Acute high-intensity exercise-induced cognitive enhancement and brain-derived neurotrophic factor in young, healthy adults

Neurosci Lett. 2016 Sep 6;630:247-253. doi: 10.1016/j.neulet.2016.07.033. Epub 2016 Jul 20.

Abstract

Acute exercise can positively impact cognition. The present study examined the effect of acute high-intensity aerobic exercise on prefrontal-dependent cognitive performance and brain-derived neurotrophic factor (BDNF). Fifty-eight young adults were randomly assigned to one of two experimental groups: (a) an acute bout of high-intensity exercise (n=29) or (b) a non-exercise control (n=29). Participants in the exercise group improved performance on inhibitory control in Stroop interference and on cognitive flexibility in Trail Making Test (TMT) Part-B compared with participants in the control group and increased BDNF immediately after exercise. There was a significant relationship between BDNF and TMT Part-B on the pre-post change following exercise. These findings provide support for the association between improved prefrontal-dependent cognitive performance and increased BDNF in response to acute exercise. We conclude that the changes in BDNF concentration may be partially responsible for prefrontal-dependent cognitive functioning following an acute bout of exercise.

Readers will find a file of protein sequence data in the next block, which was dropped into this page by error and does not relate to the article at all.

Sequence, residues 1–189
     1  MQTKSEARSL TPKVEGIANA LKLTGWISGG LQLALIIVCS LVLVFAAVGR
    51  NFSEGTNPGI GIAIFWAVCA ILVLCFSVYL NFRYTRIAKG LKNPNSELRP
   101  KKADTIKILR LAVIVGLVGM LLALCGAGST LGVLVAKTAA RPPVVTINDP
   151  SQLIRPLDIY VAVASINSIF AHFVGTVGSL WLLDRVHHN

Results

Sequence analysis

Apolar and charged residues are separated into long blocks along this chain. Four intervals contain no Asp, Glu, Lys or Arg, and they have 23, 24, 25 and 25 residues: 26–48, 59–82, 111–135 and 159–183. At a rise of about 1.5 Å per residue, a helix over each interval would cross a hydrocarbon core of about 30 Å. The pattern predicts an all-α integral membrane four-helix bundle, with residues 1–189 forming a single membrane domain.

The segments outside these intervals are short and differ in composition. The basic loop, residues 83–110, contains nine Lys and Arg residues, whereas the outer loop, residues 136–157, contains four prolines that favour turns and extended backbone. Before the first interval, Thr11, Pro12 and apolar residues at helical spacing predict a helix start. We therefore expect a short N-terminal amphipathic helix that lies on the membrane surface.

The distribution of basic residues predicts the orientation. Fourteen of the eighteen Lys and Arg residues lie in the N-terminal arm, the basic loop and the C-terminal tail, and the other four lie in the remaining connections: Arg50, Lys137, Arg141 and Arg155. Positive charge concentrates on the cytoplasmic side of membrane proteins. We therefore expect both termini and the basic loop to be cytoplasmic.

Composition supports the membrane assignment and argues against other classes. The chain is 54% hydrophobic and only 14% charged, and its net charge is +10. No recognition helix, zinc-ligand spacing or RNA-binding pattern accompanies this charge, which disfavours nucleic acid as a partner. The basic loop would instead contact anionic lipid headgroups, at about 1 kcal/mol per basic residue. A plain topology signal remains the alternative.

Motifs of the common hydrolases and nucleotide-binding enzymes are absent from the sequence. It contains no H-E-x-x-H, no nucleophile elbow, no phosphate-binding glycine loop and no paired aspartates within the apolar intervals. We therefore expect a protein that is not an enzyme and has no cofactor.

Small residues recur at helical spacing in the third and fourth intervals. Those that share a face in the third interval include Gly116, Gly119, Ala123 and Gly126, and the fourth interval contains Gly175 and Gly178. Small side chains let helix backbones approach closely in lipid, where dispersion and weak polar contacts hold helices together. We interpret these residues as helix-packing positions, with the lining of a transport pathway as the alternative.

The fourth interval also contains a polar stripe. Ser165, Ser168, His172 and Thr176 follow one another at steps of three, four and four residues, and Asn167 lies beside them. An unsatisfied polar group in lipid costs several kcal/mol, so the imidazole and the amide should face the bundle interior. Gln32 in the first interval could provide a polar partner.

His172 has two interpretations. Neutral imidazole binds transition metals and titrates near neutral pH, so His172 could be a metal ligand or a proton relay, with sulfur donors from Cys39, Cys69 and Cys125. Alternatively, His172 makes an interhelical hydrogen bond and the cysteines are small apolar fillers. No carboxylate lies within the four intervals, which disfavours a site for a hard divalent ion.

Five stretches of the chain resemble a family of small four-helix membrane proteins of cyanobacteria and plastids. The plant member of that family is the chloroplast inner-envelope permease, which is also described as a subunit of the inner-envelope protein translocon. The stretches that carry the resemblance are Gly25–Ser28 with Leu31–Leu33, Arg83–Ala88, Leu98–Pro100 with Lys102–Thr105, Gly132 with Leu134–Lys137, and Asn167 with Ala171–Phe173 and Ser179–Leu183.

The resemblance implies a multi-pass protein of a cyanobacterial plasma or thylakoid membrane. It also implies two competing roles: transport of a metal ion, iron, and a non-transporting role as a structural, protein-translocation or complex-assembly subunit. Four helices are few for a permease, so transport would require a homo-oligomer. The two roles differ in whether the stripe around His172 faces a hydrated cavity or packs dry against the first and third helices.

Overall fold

Keywords: Aerobic exercise; Brain-derived neurotrophic factor; Cognition; Young adults.

MeSH terms

  • Adult
  • Brain-Derived Neurotrophic Factor / blood*
  • Cognition / physiology*
  • Executive Function / physiology*
  • Exercise*
  • Female
  • Humans
  • Male
  • Stroop Test
  • Trail Making Test
  • Young Adult

Substances

  • Brain-Derived Neurotrophic Factor
  • BDNF protein, human